For example, with reference to the above table, printing elements 1, 3, 8 and 10 each have the smallest pixel placement error when operated at the first sub-firing of a scan line. Therefore, these particular printing elements are interconnected to have a first common drive circuit. Similarly, printing elements 2 and 9 each fire at the third sub-firing of the scan line. Printing elements 2 and 9 are interconnected with a second common drive circuit to fire simultaneously. Therefore, printing elements 1, 3, 8 and 10 are operated simultaneously as a first sub-set of the entire array of printing elements. Printing elements 2 and are operated simultaneously as a second sub-set of the entire array of printing elements. In general, the number of drive circuits required will be equivalent to the number of firings per scan line. In operational environments without limitations on the number of drive circuits, each printing element is individually driven by a single corresponding drive circuit. Therefore, each printing element is individually fired to correct the total calculated pixel error. Under these circumstances, the actual resulting printing error can be reduced substantially to zero.

The method of the invention can further correct for performance pixel placement errors by individual printing elements in the process direction. These performance placement errors can be due to variations in jet velocity among individual printing elements, printing element misalignment, and/or spacing between a printing element and the document transport surface. The individual performance pixel placement errors are empirically measured for each particular print head. The measured performance pixel placement errors are added or subtracted to the calculated absolute placement value. The absolute placement values are then re-compared to the nearest sub-firing for the most improved pixel placement. Therefore, a particular printing element can be fired early or late to correct not only for the geometrical error resulting from the angled print head, but also for performance pixel placement errors as a result of manufacturing or other operational variations. The same adjustments can be performed for pixel placement errors arising from variations in the document transport surface.

While preferred embodiments of the present invention have been illustrated and described in detail, it should be readily appreciated that many modifications and changes thereto are within the ability of those of ordinary skill in the art. Therefore, the appended claims are intended to cover any and all of such modifications which fall within the true spirit and scope of the invention.

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Referenced by
Citing PatentFiling datePublication dateApplicantTitle
US6328418 *Aug 4, 2000Dec 11, 2001Hitachi Koki Co., LtdPrint head having array of printing elements for printer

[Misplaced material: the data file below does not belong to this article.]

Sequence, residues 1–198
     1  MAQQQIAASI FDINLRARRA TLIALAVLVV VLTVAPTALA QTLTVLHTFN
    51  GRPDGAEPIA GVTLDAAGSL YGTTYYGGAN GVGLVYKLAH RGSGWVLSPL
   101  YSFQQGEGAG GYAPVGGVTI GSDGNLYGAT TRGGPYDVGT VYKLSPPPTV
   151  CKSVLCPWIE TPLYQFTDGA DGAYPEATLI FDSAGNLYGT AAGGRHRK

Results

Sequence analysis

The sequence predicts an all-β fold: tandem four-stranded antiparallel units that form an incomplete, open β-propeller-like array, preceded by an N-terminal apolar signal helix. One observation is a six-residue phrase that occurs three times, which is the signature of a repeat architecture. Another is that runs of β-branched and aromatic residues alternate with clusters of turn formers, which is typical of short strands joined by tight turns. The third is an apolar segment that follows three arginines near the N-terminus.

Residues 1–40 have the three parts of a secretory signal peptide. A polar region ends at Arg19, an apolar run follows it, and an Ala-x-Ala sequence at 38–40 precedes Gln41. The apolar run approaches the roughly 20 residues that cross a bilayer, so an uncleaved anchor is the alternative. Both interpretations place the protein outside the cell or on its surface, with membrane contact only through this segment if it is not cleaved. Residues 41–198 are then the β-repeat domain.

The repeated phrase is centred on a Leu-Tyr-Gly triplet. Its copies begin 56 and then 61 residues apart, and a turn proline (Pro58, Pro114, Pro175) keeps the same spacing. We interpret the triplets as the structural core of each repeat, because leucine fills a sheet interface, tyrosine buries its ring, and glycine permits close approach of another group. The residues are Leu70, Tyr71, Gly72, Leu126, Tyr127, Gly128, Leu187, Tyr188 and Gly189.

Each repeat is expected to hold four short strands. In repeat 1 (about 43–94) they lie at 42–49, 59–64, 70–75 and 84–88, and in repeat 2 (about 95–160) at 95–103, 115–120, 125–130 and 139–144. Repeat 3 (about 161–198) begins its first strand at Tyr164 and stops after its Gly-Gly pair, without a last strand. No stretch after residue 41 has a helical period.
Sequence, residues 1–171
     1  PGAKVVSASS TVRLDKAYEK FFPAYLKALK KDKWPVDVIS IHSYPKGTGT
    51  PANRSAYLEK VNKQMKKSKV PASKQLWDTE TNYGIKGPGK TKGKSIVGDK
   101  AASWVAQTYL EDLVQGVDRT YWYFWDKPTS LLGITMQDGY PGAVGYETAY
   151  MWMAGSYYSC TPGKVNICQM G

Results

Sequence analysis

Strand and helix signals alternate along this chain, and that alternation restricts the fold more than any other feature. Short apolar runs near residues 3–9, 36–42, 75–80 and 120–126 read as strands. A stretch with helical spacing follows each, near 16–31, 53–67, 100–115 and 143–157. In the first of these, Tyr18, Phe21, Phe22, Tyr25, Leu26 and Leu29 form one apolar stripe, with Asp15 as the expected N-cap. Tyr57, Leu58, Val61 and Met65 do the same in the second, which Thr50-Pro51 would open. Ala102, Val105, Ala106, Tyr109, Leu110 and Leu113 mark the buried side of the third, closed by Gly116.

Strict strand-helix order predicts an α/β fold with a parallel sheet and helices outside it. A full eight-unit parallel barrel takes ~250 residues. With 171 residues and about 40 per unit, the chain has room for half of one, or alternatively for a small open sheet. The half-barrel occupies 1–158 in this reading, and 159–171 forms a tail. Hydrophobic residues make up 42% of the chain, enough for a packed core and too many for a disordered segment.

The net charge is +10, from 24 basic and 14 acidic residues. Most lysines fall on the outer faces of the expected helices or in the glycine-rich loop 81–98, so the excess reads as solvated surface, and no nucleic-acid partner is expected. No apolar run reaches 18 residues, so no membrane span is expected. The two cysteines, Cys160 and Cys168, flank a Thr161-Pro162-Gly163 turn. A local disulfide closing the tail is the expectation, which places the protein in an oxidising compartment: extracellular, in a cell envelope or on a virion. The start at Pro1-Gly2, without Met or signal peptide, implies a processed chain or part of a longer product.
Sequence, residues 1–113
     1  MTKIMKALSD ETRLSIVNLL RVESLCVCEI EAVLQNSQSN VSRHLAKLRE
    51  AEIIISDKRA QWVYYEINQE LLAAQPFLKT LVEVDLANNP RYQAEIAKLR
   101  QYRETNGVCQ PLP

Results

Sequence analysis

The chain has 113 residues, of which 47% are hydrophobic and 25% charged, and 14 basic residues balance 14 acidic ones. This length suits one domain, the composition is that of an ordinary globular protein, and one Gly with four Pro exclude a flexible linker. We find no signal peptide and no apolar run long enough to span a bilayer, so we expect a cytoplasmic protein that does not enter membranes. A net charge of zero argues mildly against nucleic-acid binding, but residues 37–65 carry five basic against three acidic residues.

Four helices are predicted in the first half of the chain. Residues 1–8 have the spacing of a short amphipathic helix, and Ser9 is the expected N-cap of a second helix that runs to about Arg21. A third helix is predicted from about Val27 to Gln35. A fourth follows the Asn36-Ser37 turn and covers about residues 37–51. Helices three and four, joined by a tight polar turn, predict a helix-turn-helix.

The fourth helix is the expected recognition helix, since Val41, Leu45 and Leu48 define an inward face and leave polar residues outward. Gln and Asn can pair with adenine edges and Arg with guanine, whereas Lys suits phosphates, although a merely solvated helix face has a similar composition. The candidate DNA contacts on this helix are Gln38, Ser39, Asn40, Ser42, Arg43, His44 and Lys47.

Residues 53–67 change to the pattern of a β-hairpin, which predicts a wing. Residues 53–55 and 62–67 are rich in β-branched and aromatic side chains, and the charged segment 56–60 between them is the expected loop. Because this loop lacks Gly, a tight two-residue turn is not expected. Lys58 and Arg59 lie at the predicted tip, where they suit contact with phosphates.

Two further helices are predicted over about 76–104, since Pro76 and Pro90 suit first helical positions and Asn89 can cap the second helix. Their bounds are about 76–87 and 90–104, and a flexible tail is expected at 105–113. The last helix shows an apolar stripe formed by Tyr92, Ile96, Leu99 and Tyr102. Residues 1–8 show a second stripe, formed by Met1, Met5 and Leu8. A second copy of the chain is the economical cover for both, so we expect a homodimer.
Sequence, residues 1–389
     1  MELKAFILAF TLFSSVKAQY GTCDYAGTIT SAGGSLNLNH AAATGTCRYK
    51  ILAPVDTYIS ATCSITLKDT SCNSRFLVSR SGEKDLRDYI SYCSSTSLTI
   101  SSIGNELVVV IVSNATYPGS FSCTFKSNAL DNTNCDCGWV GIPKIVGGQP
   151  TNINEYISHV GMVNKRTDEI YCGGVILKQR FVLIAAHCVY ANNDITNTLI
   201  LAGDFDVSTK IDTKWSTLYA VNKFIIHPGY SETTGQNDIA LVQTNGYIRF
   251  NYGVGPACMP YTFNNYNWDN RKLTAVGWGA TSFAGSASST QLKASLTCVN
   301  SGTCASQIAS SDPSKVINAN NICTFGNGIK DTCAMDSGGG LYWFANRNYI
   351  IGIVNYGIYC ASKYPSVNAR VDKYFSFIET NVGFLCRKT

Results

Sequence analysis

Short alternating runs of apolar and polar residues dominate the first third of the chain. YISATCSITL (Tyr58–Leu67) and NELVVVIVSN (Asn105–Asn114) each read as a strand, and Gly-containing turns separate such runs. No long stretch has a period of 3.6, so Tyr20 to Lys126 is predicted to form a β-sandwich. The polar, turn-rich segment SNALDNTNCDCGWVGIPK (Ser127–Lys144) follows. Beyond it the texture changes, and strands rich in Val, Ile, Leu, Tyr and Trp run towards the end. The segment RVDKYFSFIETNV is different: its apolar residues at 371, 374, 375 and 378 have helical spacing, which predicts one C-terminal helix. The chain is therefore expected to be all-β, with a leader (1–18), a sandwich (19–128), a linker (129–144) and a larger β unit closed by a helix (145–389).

US6582041 *Dec 21, 1998Jun 24, 2003Canon Kabushiki KaishaPrinting head, printing apparatus and printing method
US6789879Feb 14, 2003Sep 14, 2004Escher-Grad Technologies, Inc.Method and apparatus for processing data for high-speed digital printing
US6817689Jul 30, 2003Nov 16, 2004T.S.D. LlcCurrency bill having etched bill specific metallization
US6932451 *Feb 18, 2003Aug 23, 2005T.S.D. LlcSystem and method for forming a pattern on plain or holographic metallized film and hot stamp foil
US7083258 *Mar 18, 2005Aug 1, 2006Silverbrook Research Pty LtdPrinthead assembly
US20040160472 *Feb 14, 2003Aug 19, 2004Najeeb KhalidRetractable high-speed ink jet print head and maintenance station
US20040160477 *Feb 14, 2003Aug 19, 2004Najeeb KhalidMethod and apparatus for processing data for high-speed digital printing
US20050162468 *Mar 18, 2005Jul 28, 2005Kia SilverbrookPrinthead assembly
Classifications
U.S. Classification347/40, 347/37, 347/12
International ClassificationB41J2/15, B41J2/51
Cooperative ClassificationB41J2/15, B41J25/001
European ClassificationB41J25/00M, B41J2/15
Legal Events
DateCodeEventDescription
Aug 13, 1998ASAssignment
Owner name: ACCENT COLOR SCIENCES, INC., CONNECTICUT
Free format text: ASSIGNMENT OF ASSIGNORS INTEREST;ASSIGNORS:VOELKER, MARTIN C.;MILLIARD, NORMAN;REEL/FRAME:009384/0891
Effective date: 19980803
Sep 22, 2004REMIMaintenance fee reminder mailed
Mar 7, 2005REINReinstatement after maintenance fee payment confirmed
May 3, 2005FPExpired due to failure to pay maintenance fee
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Apr 3, 2006PRDPPatent reinstated due to the acceptance of a late maintenance fee
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Apr 20, 2009ASAssignment
Owner name: ODOACER BAC GMBH., LLC, DELAWARE
Free format text: ASSIGNMENT OF ASSIGNORS INTEREST;ASSIGNOR:ACCENT COLOR SCIENCES, INC.;REEL/FRAME:022562/0377
Effective date: 20090305
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Mar 6, 2013LAPSLapse for failure to pay maintenance fees
Apr 23, 2013FPExpired due to failure to pay maintenance fee
Effective date: 20130306